Donald Trump picked up a third victory at the Nevada Republican Caucus on Feb. 24, winning by a large margin over his opponents.
The billionaire accrued 45.9 percent of the votes in Nevada, earning himself 14 delegates. Much like in South Carolina, Marco Rubio edged out Ted Cruz for second place with 23.9 percent of the vote to Cruz’s 21.4 percent. Ben Carson and John Kasich were in the back of the pack, collecting under 5 percent of the vote at just one delegate.
Trump’s lead over his opposition is very wide at this point, with 82 out of a possible 125 amongst the five remaining candidates. Cruz and Rubio are in a distant second with 17 and 16 delegates, respectively.
On the democratic side, Hillary Clinton picked up a commanding win over Bernie Sanders in South Carolina on Feb. 27. Clinton picked up 39 of the delegates with 73.5 percent of the vote. Sanders collected 26 percent of the vote and got 14 delegates.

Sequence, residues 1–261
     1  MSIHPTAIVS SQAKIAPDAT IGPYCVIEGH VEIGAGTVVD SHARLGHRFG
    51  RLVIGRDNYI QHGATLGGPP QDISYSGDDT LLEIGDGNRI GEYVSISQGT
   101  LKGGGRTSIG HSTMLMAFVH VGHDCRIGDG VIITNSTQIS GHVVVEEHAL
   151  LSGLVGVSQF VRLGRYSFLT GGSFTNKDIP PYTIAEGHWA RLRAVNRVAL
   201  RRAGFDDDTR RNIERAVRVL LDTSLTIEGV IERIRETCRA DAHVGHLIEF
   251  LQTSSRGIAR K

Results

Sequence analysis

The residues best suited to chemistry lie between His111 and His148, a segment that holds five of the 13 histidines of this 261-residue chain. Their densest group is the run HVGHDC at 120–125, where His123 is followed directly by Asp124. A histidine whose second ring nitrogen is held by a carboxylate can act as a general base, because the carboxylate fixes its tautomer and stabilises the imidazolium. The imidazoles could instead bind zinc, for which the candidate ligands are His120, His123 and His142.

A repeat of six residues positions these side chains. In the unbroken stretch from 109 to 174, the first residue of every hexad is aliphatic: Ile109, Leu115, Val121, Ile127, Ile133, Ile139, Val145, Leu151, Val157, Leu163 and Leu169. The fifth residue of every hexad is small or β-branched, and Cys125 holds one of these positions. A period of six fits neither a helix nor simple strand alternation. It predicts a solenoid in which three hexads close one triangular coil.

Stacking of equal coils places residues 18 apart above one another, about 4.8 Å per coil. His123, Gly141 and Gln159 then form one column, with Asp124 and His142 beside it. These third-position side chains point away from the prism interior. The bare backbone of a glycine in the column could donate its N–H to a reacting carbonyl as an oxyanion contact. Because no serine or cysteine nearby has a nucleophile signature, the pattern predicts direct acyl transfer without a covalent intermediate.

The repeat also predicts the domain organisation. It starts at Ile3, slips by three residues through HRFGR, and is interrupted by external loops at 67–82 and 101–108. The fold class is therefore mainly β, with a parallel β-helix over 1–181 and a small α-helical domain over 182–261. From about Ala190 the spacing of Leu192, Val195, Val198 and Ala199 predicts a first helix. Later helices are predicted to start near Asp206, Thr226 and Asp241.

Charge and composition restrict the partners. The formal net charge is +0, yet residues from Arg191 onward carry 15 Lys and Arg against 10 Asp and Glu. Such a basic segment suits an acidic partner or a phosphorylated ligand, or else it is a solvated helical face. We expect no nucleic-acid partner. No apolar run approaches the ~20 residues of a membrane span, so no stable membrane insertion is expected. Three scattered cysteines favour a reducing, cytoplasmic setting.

Sanders’ gap in delegates is only growing after a subpar South Carolina. While his pledged delegates are hovering with Clinton, the superdelegate discrepancy still creates a difference of 544 total delegates for Clinton to Sanders’ 85.
Super Tuesday is right around the corner, coming on March 1. Eleven states, including Texas, will hold both Republican and Democratic primaries. Alaska, Wyoming and North Dakota will have Republican primaries. American Samoa will hold a Democratic primary. In terms of delegates, 595, or 24 percent, of Republican delegates and 1,001, or 21 percent, of Democratic delegates are at stake.